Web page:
The long awaited Deep Space Climate Observatory, or DSCOVR science satellite is slated to blast off atop a SpaceX Falcon 9 on Sunday, Feb. 8, from Cape Canaveral, Florida on a mission to monitor the solar wind and aid very important forecasts of space weather at Earth.
Update Feb 8: Hold, Hold, Hold !!! 6:10 PM 2/8/15 Terminal Count aborted at T Minus 2 min 26 sec due to a tracking issue. NO launch of Falcon 9 today. rocket being safed now. next launch opportunity is Monday. Still TBD.
The rocket is provided by the USAF. SpaceX will try to recover the first stage via a guided descent to a floating barge in the Atlantic Ocean.
The weather outlook is currently very promising with a greater than 90 percent chance of favorable weather at launch time shortly after sunset on Sunday which could make for a spectacular viewing opportunity for spectators surrounding the Florida Space coast.
Liftoff atop the SpaceX Falcon 9 rocket is targeted for at 6:10:12 p.m. EST on Feb. 8, from Cape Canaveral Air Force Station Space Launch Complex 40.
There is an instantaneous launch window, meaning that any launch delay due to weather, technical or other factors will force a scrub to Monday.
The launch will be broadcast live on NASA TV: http://www.nasa.gov/nasatv
NASA’s DSCOVR launch blog coverage of countdown and liftoff will begin at 3:30 p.m. Sunday.
“DSCOVR is NOAA’s first operational space weather mission to deep space,” said Stephen Volz, assistant administrator of the NOAA Satellite and Information Service in Silver Spring, Maryland, at the pre-launch briefing today (Feb. 7) at the Kennedy Space Center in Florida.
The mission of DSCOVR is vital because its solar wind observations are crucial to maintaining accurate space weather forecasts to protect US infrastructure from disruption by approaching solar storms.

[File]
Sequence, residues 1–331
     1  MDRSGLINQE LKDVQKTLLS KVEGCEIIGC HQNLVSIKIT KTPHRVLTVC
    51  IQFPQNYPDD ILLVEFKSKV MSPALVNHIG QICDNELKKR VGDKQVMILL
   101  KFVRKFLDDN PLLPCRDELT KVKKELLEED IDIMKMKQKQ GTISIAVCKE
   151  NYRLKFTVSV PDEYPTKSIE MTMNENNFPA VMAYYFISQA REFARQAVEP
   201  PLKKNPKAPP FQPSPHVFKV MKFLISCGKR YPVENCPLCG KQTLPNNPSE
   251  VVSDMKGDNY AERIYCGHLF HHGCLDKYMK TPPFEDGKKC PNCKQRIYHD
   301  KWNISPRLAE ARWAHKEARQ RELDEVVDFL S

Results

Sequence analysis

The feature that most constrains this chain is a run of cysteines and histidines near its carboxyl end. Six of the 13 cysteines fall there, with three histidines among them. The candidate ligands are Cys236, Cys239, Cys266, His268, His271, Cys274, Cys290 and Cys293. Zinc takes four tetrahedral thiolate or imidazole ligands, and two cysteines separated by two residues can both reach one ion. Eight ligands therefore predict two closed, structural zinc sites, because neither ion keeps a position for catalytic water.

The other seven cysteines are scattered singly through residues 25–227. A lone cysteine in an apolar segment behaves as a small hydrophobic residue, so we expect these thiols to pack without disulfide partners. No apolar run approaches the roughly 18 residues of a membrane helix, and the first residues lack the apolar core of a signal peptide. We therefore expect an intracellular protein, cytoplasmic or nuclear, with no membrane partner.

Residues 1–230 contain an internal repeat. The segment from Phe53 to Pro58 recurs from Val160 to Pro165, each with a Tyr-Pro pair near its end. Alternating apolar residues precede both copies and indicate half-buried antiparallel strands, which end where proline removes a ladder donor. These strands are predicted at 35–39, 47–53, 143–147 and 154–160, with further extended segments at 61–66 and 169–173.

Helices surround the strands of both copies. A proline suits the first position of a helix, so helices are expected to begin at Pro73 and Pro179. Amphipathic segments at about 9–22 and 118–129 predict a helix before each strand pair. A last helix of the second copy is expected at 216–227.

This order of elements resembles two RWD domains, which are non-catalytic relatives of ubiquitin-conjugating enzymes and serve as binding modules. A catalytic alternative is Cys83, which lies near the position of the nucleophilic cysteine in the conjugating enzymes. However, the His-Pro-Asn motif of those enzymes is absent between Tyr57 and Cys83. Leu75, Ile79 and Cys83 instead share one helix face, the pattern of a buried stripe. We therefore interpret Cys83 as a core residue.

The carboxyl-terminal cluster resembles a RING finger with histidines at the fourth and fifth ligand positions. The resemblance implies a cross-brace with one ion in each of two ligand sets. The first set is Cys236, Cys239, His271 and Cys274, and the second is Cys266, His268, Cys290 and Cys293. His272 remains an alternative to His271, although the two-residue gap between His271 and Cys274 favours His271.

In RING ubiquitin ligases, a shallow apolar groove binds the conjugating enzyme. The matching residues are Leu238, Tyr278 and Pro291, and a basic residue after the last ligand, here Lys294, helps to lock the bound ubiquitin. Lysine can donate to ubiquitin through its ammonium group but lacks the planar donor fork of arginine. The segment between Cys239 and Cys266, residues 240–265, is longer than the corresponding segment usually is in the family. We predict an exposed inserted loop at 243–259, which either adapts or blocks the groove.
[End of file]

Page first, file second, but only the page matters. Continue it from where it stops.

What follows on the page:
“DSCOVR will maintain the nation’s solar wind observations, which are critical to the accuracy and lead time of NOAA’s space weather alerts, forecasts, and warnings,” according to a NASA description.
“Space weather events like geomagnetic storms caused by changes in solar wind can affect public infrastructure systems, including power grids, telecommunications systems, and aircraft avionics.”
DSCOVR will replace NASA’s aging Advanced Composition Explorer (ACE) satellite which is nearly 20 years old and far beyond its original design lifetime.
The couch sized probe is being targeted to the L1 Lagrange Point, a neutral gravity point that lies on the direct line between Earth and the sun located 1.5 million kilometers (932,000 miles) sunward from Earth. At L1 the gravity between the sun and Earth is perfectly balanced and the satellite will orbit about that spot just like a planet.
L1 is a perfect place for the science because it lies outside Earth’s magnetic environment. The probe will measure the constant stream of solar wind particles from the sun as they pass by.
This will enable forecasters to give a 15 to 60 minute warning of approaching geomagnetic storms that could damage valuable infrastructure.
DSCOVR is equipped with a suite of four continuously operating solar science and Earth science instruments from NASA and NOAA.
It will make simultaneous scientific observations of the solar wind and the entire sunlit side of Earth.
The 750-kilogram DSCOVR probe measures 54 inches by 72 inches.
I saw the DSCOVR spacecraft up close at NASA Goddard Space Flight Center in Maryland last fall during processing in the clean room.
A secondary objective of the rocket launch for SpaceX is to conduct their second attempt to recover the Falcon 9 first stage booster on an ocean going barge. Read my articles about the first attempt in January 2015, starting here.
It was originally named ‘Triana’ (aka Goresat) and was conceived by then US Vice President Al Gore as a low cost satellite to take near continuous views of the Earth’s entire globe to feed to the internet as a means of motivating students to study math and science. It was eventually built as a much more capable Earth science satellite as well as to conduct the space weather observations.
But Triana was shelved for purely partisan political reasons and the satellite was placed into storage and the science was lost until now.
Stay tuned here for Ken’s continuing Earth and planetary science and human spaceflight news.